Another limitation of this meta-analysis could lie in the heterogeneity of the individual studies themselves. The researchers don’t question the design of own their meta-analysis or the veracity of their results. Specifically, they don’t ascribe the suggested protective effects of IUDs to things like study design, publication bias, or residual confounding by cervical cancer risk and protective factors.

A meta-analysis, however, is only as good as its component studies, and because this study was observational and retrospective—with the researchers looking back at work done by others—it’s possible that the individual studies were fundamentally flawed. For instance, the authors of the 16 studies examined could have inconsistently or inadequately considered differences in risk or protective factors such as access to preventive care or effects of socioeconomic status.

Despite it being too early to determine how to incorporate the results of this study into clinical practice, the researchers do foresee great benefit of this research—especially among those at highest risk for cervical cancer: lower income populations with limited access to screening and high frequency of cervical cancer. These populations extend far beyond the United States and include those in the developing world.

The researchers conclude their study with the following:

If such efforts substantiate a preventive influence of the IUD, future contraceptive counseling may routinely incorporate this potential noncontraceptive benefit of the IUD. Translational potential of this avenue of research is underscored by the great and growing need for approaches to cervical cancer prevention that can be widely used by HPV-exposed women in low-resource settings, frequent need for contraception among these women, and credible documentation of other noncontraceptive benefits of IUDs.

More Information About Cervical Cancer

Cervical cancer is the most common gynecological cancer, and the third most common type of cancer worldwide. The International Agency for Research on Cancer estimates that by 2030 worldwide there will 710,000 cases of cervical cancer and 383,000 cervical cancer deaths annually.

The primary risk factor for cervical cancer is HPV, but there are other risk factors, too including the following:

  • Obesity
  • Smoking
  • Lower educational attainment
  • Older age
  • Number of pregnancies
  • Poverty
  • Combination oral contraceptives
  • Having several sexual partners during the course of a lifetime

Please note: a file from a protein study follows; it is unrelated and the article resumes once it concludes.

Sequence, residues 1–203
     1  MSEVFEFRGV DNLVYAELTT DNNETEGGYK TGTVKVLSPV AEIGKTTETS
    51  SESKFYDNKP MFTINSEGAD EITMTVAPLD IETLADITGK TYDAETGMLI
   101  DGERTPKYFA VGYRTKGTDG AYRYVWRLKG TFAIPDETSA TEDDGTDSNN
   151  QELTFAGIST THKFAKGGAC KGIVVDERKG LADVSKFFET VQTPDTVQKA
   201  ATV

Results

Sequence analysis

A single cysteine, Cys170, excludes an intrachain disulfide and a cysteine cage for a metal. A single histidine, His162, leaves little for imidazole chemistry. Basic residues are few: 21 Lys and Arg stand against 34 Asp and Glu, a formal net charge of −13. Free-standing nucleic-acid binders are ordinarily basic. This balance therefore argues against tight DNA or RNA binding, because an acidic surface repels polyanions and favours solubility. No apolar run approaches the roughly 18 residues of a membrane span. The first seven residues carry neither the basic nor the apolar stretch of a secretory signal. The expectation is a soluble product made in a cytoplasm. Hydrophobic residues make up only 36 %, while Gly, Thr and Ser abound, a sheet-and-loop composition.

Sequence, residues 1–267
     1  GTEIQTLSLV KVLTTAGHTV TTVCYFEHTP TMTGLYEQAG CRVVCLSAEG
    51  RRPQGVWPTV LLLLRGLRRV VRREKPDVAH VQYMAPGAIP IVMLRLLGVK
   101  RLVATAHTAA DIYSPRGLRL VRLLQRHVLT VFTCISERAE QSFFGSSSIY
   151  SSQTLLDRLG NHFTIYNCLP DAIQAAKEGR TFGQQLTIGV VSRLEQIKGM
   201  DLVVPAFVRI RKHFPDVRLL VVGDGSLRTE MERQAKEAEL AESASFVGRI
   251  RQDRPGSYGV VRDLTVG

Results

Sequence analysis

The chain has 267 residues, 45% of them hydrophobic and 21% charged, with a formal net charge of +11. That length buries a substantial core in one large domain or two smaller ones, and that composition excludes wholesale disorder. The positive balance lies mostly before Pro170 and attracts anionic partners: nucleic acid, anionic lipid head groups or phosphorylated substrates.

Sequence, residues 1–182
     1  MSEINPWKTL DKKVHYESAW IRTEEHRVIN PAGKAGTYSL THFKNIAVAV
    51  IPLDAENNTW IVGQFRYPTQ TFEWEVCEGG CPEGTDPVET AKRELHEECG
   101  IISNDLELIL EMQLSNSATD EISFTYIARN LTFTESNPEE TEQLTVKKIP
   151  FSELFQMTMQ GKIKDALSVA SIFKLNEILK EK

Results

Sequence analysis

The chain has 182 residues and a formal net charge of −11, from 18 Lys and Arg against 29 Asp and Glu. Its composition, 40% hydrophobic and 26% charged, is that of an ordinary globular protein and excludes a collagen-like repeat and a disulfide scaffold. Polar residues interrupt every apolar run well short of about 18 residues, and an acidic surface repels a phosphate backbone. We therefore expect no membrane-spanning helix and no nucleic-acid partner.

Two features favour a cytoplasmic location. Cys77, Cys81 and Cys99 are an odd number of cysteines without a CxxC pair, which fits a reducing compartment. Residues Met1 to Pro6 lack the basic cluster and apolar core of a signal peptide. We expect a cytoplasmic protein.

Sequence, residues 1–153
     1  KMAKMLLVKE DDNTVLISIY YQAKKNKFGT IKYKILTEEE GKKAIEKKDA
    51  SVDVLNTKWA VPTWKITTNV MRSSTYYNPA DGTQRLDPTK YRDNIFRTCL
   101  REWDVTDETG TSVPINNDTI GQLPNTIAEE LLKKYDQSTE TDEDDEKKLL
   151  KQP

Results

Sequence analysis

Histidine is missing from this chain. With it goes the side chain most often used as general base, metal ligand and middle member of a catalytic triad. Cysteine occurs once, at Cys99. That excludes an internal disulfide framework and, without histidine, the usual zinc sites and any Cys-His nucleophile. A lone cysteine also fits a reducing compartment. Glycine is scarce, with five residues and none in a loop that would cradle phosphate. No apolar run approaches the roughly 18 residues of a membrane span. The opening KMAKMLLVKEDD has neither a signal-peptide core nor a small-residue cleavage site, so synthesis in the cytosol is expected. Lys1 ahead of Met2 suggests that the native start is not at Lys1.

• Immunosuppression

Because women with early stages of cervical cancer often present without symptoms, the only way that a physician can identify the disease is by Pap tests and HPV screening. Furthermore, diagnosis of cervical cancer often requires a biopsy of the cervix, which is called a colposcopy. Importantly, risk factors like poverty and lower educational attainment don’t mediate the progression of cervical cancer per se, but rather decrease the chances that a woman will be screened.

In general, early stage disease is highly treatable with surgical removal of the cancerous lesions. Treatment of advanced disease is less successful and requires chemoradiation.

The five-year survival rate is the percentage of women alive five years after diagnosis. According to the American Society of Clinical Oncology:

When detected at an early stage, the 5-year survival rate for women with invasive cervical cancer is 91%. About 46% of women with cervical cancer are diagnosed at an early stage. If cervical cancer has spread to surrounding tissues or organs and/or the regional lymph nodes, the 5-year survival rate is 57%. If the cancer has spread to a distant part of the body, the 5-year survival rate is 17%.

Overall, the combination of HPV vaccine and clinical screening provide the best protection against cervical cancer.

As stated in Shwartz’s Principles of Surgery:

Several randomized clinical trials involving approximately 35,000 young women have shown that both Gardasil and Cervarix [two HPV vaccines] prevent nearly 100% of the HPV subtype-specific precancerous cervical cell changes for up to 4 years after vaccination among women who were not infected at the time of vaccination; vaccination occurred before sexual debut …. Vaccination has not yet been shown to protect women who are already infected with HPV-16 or HPV-18 at the time of vaccination.

A Word From Verywell

Recent research suggests that placement of an IUD decreases the risk of cervical cancer. However, more research needs to be done to support these findings and figure out why and what types of IUDs confer protection. For now, you should view IUDs for what they are—highly effective and safe means of birth control. The potential for IUDs to prevent cervical cancer should be viewed as a potential bonus.


Cortessis VK et al. Intrauterine Device Use and Cervical Cancer Risk: A Systematic Review and Meta-analysis. Obstetrics & Gynecology. 2017. [epub ahead of print]

Hall JE. Infertility and Contraception. In: Kasper D, Fauci A, Hauser S, Longo D, Jameson J, Loscalzo J. eds. Harrison's Principles of Internal Medicine, 19e New York, NY: McGraw-Hill; 2014.

Hamilton C, Stany M, Gregory W, Kohn EC. Gynecology. In: Brunicardi F, Andersen DK, Billiar TR, Dunn DL, Hunter JG, Matthews JB, Pollock RE. eds. Schwartz's Principles of Surgery, 10e New York, NY: McGraw-Hill; 2015.

Woo J. Gynecologic Disorders. In: Papadakis MA, McPhee SJ, Rabow MW. eds. Current Medical Diagnosis & Treatment 2018 New York, NY: McGraw-Hill.